Competition can be a way of life. From the cradle to the grave, we compete with those around us in many ways.
Beside the obvious games we play and sports we are involved in, there are smaller, more subtle competitions we have – with ourselves, with our families and friends and the world at large.
And its not always true that it is how you play the game, not whether you win or lose. Some competitions are all about winning or losing. In those cases, nothing else matters.
For Premier Danny Williams, it seems that posturing, verbal jousting and game playing are a way of his political life.
Many of those games he has won. And, by association, so have all Newfoundlanders and Labradorians. He has been quoted as saying fighting is in his blood.
As a lawyer, Premier Williams won plenty of competitions and secured more than one award from insurance companies for clients.
He won a personal victory when he sold his regional cable television company years ago and decided that he could help save the province from financial despair by entering politics.
After a stare-down with then Prime Minister Paul Martin that involved the lowering of Canadian flags in the province, he won another battle over equalization that secured more than $2 billion for the province.
Then there was that thing with Steven Harper involving the alphabet; the expropriation of timber and water rights from AbitibiBowater and the list goes on. He even won a fight with a bad heart. And now, we have the doctors of the province, seemingly engaged in a competition of sorts with the government, with Premier Williams standing next to the bell with a hammer.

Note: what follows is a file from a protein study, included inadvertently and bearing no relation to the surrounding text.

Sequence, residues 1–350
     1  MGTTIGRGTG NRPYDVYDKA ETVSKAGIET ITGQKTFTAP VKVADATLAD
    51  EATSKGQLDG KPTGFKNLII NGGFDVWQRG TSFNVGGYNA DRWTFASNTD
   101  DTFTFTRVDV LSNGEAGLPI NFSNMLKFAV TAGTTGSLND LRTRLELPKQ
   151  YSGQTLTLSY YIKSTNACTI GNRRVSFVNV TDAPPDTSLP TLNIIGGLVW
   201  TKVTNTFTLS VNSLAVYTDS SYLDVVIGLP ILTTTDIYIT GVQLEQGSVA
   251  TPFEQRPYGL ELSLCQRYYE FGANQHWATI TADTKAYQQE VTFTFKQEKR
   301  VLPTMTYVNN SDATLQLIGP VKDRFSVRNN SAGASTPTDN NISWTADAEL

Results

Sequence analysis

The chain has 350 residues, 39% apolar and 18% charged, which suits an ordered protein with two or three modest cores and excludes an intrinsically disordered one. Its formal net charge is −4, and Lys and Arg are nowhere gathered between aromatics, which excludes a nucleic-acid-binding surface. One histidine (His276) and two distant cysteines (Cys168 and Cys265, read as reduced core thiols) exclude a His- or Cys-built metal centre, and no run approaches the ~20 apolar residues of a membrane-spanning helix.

Given the premier’s recent scare with his health, the dispute with physicians going on now is almost as ironic as the fact that AbitibiBowater was on e o f the sponsors of this past weekend’s Southeastern United States-Canadian Provinces Alliances event, which he cohosted in Bixoli, Mississippi.
The people of Newfoundland and Labrador do not need to play games with the physicians who are not, in the grand scheme of things, asking for too much.
To request a wage comparable with their colleagues is not asking for the moon. Evening the playing field for doctors would go a long way in the retention of these highly sought after professionals at a time when our aging population needs them the most. Premier Williams is a great watcher of polls. One cannot help but wonder if an independent poll were conducted on this issue in our province, would people object to giving doctors a raise? It would be doubtful. When it comes to the lives and well being of our parents, children, sisters and brothers, there is usually no cost we would not pay.
So let’s not play games with the Newfoundland and Labrador Medical Association. Sit down like reasonable businesspeople and work out a deal.
Save the competitions and games for the golf course or the hockey rink where they belong.
At the end of the day, what we might end up with is a better healthcare system. If that happens, then everybody wins.